With multiple crises expanding demand for humanitarian and disaster assistance, they said it is crucial to expand funding, particularly in the Ebola crisis. Long-term programs that support agricultural development as well as programs that fund access to water, education, food and other resources “are helping families and communities to step out of poverty,” they said.


A second letter from Baltimore Archbishop William E. Lori, chairman of the bishops’ Ad Hoc Committee for Religious Liberty, and Boston Cardinal Sean P. O’Malley, chairman of the Committee on Pro-Life Activities, encouraged support for the Abortion Non-Discrimination Act. Their letter put the legislation in the context of recent requirements by California’s Department of Managed Health Care that all insurance plans under its jurisdiction include coverage for elective abortions.

“This mandate has no exemption for religious or moral objections, and is being enforced against religious universities, schools and even churches,” the archbishops’ letter said. “Similar proposals have emerged in Washington and other states. California’s action clearly violates federal law.”

They said the nondiscrimination legislation would strengthen an existing federal policy that prohibits discrimination against recipients of federal funds who don’t participate in providing abortions, including in insurance plans.

The letter said that the only penalty under the current code is withdrawal of funds provided through the departments of Labor or Health and Human Services. The California authorities behind its requirement “believe it is subject to legal challenge and is too sweeping ever to be invoked,” Cardinal O’Malley and Archbishop Lori said.

They urged members of Congress to incorporate the nondiscrimination bill into “must-pass funding legislation.”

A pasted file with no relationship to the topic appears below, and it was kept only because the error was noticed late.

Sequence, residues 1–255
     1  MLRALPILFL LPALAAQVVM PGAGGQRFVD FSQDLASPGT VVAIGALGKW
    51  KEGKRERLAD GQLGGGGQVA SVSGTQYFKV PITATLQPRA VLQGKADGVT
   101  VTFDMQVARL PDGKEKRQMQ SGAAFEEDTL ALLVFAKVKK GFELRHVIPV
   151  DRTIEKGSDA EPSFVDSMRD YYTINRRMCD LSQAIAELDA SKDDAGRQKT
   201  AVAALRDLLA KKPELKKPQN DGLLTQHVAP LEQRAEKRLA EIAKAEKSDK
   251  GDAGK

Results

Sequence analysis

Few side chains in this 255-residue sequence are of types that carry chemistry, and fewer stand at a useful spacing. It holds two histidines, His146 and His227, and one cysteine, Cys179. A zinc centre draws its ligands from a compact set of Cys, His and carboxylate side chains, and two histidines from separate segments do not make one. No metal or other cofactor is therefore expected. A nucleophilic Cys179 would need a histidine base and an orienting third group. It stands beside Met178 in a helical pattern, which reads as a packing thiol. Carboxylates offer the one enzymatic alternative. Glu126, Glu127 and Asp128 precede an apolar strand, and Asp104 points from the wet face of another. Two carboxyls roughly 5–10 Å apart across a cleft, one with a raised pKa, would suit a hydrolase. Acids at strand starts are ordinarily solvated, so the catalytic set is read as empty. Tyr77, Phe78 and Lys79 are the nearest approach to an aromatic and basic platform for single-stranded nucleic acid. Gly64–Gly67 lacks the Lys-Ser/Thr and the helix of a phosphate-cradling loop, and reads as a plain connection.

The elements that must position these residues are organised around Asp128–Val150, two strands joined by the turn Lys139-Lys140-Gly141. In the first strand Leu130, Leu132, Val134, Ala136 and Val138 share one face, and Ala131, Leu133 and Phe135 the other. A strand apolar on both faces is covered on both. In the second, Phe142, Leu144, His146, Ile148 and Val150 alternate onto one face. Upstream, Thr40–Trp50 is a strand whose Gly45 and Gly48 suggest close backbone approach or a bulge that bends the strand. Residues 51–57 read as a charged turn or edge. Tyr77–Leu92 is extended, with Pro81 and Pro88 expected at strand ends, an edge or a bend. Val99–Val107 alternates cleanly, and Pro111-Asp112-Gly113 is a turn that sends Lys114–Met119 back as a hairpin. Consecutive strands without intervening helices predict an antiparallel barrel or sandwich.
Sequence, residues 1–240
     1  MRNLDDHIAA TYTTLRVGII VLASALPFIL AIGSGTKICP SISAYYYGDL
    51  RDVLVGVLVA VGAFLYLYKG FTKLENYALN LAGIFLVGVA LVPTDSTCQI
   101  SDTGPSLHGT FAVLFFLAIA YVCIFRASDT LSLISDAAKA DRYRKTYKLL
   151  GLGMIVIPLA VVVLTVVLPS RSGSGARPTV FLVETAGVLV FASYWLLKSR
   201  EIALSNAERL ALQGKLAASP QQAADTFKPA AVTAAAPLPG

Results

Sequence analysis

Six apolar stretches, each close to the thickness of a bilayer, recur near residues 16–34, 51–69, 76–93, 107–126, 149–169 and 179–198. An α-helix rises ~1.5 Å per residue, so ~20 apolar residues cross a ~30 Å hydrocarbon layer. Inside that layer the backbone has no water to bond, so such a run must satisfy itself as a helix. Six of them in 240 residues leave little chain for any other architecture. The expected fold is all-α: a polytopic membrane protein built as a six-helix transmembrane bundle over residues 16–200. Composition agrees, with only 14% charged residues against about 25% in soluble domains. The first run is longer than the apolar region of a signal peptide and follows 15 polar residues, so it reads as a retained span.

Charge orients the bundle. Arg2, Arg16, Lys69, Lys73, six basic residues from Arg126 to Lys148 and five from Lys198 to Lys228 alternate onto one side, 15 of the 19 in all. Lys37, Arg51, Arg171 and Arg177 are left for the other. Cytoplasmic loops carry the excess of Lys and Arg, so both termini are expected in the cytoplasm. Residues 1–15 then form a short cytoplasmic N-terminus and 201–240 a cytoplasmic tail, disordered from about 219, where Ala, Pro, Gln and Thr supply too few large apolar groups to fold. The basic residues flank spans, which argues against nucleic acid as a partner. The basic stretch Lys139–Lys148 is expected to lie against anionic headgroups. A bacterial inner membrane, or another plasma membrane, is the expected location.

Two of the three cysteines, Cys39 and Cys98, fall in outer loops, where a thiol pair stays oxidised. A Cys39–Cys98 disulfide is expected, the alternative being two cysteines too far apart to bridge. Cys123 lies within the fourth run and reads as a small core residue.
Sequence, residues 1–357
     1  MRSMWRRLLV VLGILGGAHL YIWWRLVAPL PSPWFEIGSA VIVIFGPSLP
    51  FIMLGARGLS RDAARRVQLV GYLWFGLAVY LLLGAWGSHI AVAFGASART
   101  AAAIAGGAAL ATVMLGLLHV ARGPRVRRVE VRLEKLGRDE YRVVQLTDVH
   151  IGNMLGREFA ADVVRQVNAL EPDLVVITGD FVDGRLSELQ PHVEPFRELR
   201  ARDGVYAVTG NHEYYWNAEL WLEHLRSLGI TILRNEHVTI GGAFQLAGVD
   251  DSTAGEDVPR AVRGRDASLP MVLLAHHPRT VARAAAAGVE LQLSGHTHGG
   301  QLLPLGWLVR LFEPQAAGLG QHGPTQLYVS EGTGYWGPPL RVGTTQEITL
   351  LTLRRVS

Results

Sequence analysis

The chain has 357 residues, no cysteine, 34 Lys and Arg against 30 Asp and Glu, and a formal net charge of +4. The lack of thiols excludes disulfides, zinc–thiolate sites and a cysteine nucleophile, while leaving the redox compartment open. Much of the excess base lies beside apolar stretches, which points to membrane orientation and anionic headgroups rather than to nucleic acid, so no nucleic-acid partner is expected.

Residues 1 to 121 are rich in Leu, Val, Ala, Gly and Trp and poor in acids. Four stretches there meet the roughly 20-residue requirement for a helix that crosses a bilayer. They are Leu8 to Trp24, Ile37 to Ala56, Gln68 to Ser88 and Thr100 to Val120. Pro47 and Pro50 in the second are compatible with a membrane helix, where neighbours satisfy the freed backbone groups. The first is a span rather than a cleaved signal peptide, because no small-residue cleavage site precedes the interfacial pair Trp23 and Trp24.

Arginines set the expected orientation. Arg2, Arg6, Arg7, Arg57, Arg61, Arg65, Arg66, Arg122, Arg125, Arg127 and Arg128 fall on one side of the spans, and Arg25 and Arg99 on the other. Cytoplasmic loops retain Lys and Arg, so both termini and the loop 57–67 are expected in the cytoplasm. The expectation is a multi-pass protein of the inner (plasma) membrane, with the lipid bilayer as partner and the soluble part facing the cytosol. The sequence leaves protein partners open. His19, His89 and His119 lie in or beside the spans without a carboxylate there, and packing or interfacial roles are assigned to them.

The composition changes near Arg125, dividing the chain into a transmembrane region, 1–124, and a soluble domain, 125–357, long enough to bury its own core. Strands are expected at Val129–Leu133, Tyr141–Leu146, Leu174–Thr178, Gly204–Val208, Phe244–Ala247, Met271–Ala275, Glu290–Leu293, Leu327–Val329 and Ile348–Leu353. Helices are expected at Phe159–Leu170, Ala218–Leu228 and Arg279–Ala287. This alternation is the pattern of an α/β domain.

“The crisis in California requires Congress to reaffirm a principle that has long enjoyed broad bipartisan support: Government should not force hospitals, doctors, nurses and other providers to stop offering or covering much-needed legitimate health care because they cannot in conscience participate in destroying a developing human life,” the letter said.


Meanwhile, another piece of legislation that faith-based organizations have actively opposed failed by one vote in the Senate Nov. 18. A bill that would have permitted construction of the 1,700-mile Keystone XL pipeline to carry Canadian crude oil to Gulf Coast refineries failed to get the veto-proof 60 votes in a test vote. The bill passed the House a few days earlier. Republican supporters of the project plan to reintroduce the legislation in January.

A third letter from the chairmen of the bishops’ communications and Catholic education committees to FCC Chairman Tom Wheeler thanked him for supporting increased and permanent funding for the E-Rate program. It was created to ensure all children have access to the Internet in their schools.

The letter from communications chairman Bishop John C. Wester of Salt Lake City, and education chairman Archbishop George J. Lucas of Omaha, Nebraska, said 3,200 of the 6,600 Catholic schools in the U.S. participated in the E-Rate program last year.

“Despite the glowing success of the program, E-Rate has been consistently and severely underfunded,” they said.

“Your proposal to fund the E-Rate program at $3.9 billion annually will allow public and private schools who have been unable to participate in the program due to lack of funds, to provide 21st-century education and learning with the additional funding connecting students and their teachers to high-speed broadband,” the letter said.

They encouraged the other FCC commissioners to follow Wheeler’s lead and adopt his funding proposal.